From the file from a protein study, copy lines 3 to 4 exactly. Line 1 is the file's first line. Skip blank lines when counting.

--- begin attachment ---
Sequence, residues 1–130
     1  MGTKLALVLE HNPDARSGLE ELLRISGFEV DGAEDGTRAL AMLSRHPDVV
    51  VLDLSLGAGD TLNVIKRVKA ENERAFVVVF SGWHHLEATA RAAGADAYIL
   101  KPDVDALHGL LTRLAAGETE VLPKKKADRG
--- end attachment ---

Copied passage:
    51  VLDLSLGAGD TLNVIKRVKA ENERAFVVVF SGWHHLEATA RAAGADAYIL
   101  KPDVDALHGL LTRLAAGETE VLPKKKADRG